The biggest problem I have with an all chain rode is how do you lift it when your windlass breaks or jams badly. I lifted 70ft of chain with a anchor hang off it it was like 300# total dead weight and add little boat bounce for good exercise. I will never go back to all chain rode if it was any deeper I would have to cut it loose. My stern anchor is all 3 strand with a small fortress I can swim it out if I need to. That anchor holds very well with no chain.
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Old 03-02-2015, 03:16 PM   #149
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I would imagine abrasion would be extreme at the thimble and shackle with no chain. I used 1/2 the length of my boat as a guideline, but will be moving to 1 1/2 times the length when my windlass is installed. I do a lot of anchoring on short scope in deep water during calm weather patterns, and I think the weight compensates for lack of scope. Sometimes the middle of the bay with a breeze beats shallow sets with bugs :-)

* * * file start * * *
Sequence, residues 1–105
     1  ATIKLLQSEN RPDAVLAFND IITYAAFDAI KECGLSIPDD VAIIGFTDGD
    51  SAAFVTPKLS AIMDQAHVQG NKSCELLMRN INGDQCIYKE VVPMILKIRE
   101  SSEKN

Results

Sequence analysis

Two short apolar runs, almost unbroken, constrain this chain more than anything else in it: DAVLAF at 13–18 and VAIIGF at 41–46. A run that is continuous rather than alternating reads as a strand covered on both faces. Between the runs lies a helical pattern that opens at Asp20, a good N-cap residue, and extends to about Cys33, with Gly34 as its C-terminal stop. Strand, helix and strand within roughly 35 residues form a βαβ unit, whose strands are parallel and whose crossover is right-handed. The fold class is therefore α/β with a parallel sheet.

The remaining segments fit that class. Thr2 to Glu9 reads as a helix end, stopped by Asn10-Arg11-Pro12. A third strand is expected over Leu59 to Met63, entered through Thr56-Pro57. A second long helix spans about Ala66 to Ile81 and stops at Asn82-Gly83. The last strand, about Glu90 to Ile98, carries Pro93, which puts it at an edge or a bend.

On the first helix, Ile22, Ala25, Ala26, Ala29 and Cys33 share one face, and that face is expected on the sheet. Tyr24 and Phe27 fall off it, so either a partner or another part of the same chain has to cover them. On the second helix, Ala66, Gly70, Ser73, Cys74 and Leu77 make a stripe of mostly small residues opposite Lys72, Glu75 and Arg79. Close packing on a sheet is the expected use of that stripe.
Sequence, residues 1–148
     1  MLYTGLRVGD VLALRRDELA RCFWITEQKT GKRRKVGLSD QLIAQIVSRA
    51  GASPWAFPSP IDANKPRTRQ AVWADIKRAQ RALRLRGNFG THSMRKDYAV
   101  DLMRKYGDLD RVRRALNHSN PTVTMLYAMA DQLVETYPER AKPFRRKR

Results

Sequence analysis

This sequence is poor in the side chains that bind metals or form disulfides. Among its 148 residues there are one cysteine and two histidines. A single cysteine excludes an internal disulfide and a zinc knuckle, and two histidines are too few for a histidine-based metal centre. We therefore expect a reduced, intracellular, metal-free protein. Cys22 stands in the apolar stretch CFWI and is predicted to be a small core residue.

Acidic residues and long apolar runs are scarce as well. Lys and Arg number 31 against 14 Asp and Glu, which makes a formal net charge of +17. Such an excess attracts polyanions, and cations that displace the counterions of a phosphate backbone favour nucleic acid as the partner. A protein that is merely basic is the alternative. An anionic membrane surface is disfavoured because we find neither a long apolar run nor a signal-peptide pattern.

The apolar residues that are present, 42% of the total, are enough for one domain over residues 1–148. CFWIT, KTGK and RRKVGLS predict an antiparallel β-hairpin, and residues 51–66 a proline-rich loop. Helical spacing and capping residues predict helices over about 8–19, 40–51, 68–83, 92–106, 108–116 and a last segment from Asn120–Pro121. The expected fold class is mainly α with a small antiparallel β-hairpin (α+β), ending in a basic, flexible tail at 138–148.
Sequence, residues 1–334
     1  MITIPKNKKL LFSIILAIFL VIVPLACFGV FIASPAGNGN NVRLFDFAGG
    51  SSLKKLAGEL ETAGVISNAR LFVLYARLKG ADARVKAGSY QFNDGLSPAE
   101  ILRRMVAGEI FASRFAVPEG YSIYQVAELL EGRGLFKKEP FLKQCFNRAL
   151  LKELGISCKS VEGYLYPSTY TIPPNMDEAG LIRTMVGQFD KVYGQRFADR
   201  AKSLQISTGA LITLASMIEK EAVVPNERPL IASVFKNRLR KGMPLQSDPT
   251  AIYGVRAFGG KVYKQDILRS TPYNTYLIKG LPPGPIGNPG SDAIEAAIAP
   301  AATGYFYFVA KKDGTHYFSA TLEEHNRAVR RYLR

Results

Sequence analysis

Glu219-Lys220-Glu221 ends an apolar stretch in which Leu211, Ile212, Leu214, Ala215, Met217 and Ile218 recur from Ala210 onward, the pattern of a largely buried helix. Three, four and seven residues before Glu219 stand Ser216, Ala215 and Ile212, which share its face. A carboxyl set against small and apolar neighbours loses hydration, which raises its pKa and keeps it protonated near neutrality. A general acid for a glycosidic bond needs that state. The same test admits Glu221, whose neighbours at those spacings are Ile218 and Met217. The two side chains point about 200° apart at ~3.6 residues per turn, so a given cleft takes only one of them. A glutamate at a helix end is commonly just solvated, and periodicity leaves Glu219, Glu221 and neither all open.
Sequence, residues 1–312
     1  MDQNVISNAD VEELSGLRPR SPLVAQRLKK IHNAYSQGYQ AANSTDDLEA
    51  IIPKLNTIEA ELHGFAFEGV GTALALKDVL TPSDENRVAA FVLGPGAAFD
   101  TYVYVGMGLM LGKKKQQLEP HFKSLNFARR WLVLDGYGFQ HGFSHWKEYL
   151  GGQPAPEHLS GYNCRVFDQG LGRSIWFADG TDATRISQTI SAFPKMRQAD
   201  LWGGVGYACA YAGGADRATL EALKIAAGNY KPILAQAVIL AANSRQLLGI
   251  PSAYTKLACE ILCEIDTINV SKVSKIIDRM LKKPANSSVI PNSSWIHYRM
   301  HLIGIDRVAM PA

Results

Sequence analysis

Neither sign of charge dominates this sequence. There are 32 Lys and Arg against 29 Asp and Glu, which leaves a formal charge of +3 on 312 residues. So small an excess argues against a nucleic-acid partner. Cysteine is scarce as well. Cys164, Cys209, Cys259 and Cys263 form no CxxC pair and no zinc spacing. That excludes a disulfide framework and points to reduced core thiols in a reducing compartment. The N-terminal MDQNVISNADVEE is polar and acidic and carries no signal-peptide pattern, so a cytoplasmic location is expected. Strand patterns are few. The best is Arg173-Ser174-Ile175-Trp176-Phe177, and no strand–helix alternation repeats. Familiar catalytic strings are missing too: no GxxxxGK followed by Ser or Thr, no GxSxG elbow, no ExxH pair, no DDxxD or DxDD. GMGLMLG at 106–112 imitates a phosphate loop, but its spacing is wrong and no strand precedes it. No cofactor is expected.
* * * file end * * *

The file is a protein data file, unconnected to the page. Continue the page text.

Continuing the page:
I think the chain keeps the rode from tangling on the bottom in current and tide changes, getting the rode away from the anchor.
Bingo on those points.

If you anchor is set, the neck is being pulled thru the bottom, whatever the bottom is made of. Thus the observation on the famous anchor test this past summer of having cable (wire( instead of chain connected to your anchor. I would probably do it, but for for the windlass, as I have an anchor lock and I like the chair on the wildcat, plus my bungee cord.